“Dan Bolger was the manager and when he said jump you asked how high. We used to lock fellas into the big tankers that we used to take in the Guinness in. They had to be scrubbed down spotless and often you’d be in there and all of a sudden it’s be pitch black. It wasn’t very nice and if Dan wasn’t around you could be in there for I don’t know how long.”

Ollie, who later worked out on the lines for the Post Office, became involved in the Scouts just as the local 15th Sacred Heart group were being set up. As the years progressed, he also helped establish groups in other areas of the town and never misses the chance to sing the movement’s praises.

“It gives youngsters great skills but the best thing about it is the comradery between people. You go off with your friends for weekends and summer camps and 10-days away is the whole job for a boy from the city. I remember trips to Glenstal Abbey the most because I shouldn’t have come home out of one of them. I wasn’t a good swimmer and tried to swim out to the middle of a lake. I got in trouble and was lucky to get out of it. A lot of the skills are basic but they stand with you for years.”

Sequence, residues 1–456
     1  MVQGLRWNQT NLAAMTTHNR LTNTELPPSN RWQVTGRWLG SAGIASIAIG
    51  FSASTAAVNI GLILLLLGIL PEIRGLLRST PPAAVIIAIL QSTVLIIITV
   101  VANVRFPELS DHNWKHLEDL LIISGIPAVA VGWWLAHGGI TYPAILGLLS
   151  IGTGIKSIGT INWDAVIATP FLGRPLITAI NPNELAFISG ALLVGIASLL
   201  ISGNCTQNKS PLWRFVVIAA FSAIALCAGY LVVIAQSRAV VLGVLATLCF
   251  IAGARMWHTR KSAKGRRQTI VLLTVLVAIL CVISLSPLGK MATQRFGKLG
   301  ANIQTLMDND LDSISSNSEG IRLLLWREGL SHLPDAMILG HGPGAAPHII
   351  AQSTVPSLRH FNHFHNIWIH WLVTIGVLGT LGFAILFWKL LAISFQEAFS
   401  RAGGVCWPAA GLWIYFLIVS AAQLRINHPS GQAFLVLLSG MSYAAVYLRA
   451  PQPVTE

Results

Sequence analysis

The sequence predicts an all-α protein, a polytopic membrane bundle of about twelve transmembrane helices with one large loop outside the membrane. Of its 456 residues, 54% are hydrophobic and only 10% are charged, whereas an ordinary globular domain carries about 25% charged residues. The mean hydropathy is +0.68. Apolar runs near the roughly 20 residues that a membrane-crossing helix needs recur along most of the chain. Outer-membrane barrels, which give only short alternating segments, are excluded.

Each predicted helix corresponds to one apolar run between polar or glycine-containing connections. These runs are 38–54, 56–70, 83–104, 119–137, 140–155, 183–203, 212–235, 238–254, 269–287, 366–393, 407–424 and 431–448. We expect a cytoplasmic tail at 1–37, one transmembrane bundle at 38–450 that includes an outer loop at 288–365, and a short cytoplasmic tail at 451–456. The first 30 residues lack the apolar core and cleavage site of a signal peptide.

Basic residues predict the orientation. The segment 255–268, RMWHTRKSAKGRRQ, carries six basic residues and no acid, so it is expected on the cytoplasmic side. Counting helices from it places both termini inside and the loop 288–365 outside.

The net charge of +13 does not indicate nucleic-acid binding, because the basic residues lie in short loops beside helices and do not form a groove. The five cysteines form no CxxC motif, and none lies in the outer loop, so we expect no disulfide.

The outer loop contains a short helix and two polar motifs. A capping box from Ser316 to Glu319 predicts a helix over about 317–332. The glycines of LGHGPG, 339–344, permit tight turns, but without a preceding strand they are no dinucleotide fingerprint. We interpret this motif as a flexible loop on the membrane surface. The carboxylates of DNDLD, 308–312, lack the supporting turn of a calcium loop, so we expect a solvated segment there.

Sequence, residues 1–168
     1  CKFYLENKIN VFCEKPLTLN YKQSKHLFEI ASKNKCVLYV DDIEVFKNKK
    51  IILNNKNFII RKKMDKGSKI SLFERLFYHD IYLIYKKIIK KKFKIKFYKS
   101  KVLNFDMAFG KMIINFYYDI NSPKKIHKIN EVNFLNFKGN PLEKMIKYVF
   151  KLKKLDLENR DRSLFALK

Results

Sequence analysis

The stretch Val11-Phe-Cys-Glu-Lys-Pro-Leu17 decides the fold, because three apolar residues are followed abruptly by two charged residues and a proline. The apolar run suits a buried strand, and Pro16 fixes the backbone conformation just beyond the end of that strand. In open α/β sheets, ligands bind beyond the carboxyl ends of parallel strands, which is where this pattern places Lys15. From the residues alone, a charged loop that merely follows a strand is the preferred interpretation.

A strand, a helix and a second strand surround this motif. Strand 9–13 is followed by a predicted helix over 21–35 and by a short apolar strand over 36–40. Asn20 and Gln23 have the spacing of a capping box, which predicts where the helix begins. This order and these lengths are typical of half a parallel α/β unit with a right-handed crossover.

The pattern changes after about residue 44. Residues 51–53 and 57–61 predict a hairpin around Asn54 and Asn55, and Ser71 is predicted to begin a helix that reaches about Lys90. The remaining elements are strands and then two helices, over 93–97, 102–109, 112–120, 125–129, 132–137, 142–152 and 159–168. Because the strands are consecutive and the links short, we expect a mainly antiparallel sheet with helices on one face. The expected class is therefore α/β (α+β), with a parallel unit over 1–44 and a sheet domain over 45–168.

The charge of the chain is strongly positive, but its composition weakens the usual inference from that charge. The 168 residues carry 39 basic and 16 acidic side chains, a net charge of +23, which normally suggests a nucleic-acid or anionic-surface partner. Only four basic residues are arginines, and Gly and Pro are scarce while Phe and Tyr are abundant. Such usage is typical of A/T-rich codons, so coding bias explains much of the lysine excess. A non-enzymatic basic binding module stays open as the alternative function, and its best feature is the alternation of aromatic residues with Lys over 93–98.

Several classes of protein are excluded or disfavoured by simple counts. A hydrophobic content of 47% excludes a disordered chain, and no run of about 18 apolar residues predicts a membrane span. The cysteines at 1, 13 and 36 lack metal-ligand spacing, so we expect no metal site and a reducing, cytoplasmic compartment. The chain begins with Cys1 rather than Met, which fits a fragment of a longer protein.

When asked to single one of these out, he says leadership without missing a beat. During his time as the Chairman of the St John’s Park Residents Association, he said he used his knack of drawing people together, although he’s blessed that was never difficult in St John’s Park. During our chat a number of passers-by greet him over the wall and they are always replied to by name.

“Neighbours here are never in trouble – anybody who wanted or needed anything be it ourselves or others would get it. There’s always someone here to help you out. If you didn’t have anything from sugar to a few pound until they got paid on a Friday all they had to do was ask and it would always be paid back too no doubt about it. 20 years ago I knew everybody in every house here.”

He is a man fully content with life in the tightly-knit community and would happily place himself in the front garden for the day splitting his time on his plants and chatting with friends who walk past.